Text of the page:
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I'm currently studying the radius of a white dwarf and, in deriving some useful equations, I've seen my professor use the following relation: $\bar\rho=\frac{\rho_c}{6}$ when using a polytropic model $P(r)=\rho(r)^\gamma$ with $\gamma=\frac{5}{3}$, but I can't figure out why that holds...

I'm thinking maybe one can integrate $\frac{1}{V}\int_0^R \rho 4\pi r^2 dr = \bar\rho$ substituting the pressure where the density stands and using the initial conditions $P(0)=P_c=\rho_c^{\frac{5}{3}}$ and $P(R)=\rho(R)=0$, but I don't know what expression for $P$ I should be substituting there. Any help will be much appreciated!

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    $\begingroup$ It has nothing to do with the poly tropic model. It has to do with how p varies radially. $\endgroup$ May 27 '21 at 17:08
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    $\begingroup$ I haven't the slightest idea. $\endgroup$ May 27 '21 at 18:12
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    $\begingroup$ researchgate.net/figure/… $\endgroup$ May 27 '21 at 18:18
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    $\begingroup$ @ChetMiller it has everything to do with the adoption of a particular polytropic model. Given that you don't know where the result comes from, your initial comment is a bit puzzling. $\endgroup$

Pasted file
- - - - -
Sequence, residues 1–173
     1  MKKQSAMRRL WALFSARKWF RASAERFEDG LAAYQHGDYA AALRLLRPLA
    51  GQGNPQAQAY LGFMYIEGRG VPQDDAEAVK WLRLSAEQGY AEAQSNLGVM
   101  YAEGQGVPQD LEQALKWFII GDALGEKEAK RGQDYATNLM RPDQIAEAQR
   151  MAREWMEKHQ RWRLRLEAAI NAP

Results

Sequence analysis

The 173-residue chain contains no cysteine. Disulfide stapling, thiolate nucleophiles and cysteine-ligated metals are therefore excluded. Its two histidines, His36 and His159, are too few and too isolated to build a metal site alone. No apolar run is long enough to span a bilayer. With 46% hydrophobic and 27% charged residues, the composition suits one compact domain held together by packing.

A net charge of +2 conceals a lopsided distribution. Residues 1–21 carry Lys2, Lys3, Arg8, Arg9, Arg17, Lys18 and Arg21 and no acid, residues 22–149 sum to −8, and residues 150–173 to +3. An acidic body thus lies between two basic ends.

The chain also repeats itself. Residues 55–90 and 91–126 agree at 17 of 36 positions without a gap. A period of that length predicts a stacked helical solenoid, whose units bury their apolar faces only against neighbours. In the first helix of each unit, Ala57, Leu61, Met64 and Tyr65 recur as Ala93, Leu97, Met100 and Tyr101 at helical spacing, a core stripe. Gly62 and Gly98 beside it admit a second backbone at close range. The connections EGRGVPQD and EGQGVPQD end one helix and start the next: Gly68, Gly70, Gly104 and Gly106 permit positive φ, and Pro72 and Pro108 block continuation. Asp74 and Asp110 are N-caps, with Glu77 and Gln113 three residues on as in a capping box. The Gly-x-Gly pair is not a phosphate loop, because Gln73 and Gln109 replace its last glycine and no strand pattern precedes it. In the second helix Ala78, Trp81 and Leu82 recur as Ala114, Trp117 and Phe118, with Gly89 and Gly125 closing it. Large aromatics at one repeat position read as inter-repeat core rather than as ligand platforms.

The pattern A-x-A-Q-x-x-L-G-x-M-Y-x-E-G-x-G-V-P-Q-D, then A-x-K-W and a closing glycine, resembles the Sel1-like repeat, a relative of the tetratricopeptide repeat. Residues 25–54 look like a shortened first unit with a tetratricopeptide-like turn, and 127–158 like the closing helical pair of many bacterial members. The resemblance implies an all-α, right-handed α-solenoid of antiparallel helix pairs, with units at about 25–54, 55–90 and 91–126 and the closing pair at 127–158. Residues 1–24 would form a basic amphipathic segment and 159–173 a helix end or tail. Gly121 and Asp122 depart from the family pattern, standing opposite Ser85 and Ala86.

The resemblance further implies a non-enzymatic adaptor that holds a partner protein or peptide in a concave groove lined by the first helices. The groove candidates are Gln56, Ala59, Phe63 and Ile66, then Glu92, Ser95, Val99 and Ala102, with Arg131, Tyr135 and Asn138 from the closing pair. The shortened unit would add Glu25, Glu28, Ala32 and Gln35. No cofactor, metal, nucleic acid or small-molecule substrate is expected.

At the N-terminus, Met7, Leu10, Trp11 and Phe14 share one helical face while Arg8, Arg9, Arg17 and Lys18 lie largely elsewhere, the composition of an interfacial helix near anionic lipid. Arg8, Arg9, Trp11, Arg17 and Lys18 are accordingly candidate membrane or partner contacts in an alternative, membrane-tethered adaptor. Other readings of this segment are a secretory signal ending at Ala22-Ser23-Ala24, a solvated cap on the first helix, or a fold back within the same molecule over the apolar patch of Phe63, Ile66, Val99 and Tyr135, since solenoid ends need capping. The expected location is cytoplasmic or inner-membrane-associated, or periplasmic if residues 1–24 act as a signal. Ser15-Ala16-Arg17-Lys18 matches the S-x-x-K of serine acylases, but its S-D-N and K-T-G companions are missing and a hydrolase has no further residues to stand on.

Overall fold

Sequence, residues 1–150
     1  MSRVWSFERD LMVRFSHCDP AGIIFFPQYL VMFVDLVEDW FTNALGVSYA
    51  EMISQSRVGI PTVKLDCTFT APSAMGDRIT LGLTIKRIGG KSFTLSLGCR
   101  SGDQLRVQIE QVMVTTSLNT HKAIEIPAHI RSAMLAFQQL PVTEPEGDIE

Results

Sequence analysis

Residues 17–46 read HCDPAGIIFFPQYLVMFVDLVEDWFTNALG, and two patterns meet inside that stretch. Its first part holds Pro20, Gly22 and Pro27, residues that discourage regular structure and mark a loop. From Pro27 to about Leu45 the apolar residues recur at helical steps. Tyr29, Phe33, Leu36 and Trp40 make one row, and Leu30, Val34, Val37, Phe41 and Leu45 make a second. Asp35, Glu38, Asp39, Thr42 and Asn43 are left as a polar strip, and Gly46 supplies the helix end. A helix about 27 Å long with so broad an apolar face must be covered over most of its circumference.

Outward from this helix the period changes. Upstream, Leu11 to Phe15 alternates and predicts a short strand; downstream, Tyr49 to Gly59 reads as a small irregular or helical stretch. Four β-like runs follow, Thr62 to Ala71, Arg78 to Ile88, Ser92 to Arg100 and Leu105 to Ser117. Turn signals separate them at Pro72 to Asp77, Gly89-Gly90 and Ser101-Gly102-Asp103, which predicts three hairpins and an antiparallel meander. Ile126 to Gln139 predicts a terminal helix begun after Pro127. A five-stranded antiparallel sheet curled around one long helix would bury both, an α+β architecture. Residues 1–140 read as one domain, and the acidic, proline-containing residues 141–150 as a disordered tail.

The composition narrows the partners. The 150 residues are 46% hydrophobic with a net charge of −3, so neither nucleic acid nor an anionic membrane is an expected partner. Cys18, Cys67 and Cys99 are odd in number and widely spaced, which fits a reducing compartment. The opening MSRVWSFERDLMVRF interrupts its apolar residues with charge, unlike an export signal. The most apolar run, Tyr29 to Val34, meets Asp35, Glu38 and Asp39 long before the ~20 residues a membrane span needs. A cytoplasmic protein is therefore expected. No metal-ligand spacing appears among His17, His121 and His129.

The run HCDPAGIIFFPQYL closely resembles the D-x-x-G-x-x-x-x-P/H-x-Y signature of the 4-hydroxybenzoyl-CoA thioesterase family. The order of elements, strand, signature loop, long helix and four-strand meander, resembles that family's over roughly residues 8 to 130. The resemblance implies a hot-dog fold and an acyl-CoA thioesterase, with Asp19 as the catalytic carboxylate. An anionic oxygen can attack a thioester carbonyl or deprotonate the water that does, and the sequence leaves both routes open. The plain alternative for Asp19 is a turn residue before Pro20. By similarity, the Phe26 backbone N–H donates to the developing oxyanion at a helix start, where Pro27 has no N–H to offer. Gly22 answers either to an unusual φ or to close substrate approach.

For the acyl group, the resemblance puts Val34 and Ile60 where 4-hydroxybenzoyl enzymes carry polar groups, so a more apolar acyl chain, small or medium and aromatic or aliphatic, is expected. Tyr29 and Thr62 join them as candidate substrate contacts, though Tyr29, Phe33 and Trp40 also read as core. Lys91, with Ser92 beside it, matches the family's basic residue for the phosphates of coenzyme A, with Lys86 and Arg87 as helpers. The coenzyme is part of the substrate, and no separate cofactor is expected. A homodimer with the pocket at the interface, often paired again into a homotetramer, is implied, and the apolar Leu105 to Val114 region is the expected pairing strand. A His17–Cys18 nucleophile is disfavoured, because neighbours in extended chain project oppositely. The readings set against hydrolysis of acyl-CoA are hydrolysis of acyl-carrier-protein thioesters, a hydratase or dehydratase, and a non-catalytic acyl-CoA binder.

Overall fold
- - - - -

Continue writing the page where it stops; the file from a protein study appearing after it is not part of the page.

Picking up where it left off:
– ProfRob
    May 27 '21 at 18:40
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    $\begingroup$ @ProfRob2 Very interesting. Thanks very much. $\endgroup$ May 27 '21 at 20:42
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This is a standard result obtained by numerically solving the Lane-Emden equation for a polytrope with $n=3/2$ (equivalent to an adiabatic index of $\gamma = 5/3$).

It can be found in any textbook or set of lecture notes that treat polytopes as a means of solving the stellar structure equations (e.g. these lecture notes).

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  • $\begingroup$ Clarifying, thanks!!! $\endgroup$ May 27 '21 at 18:42

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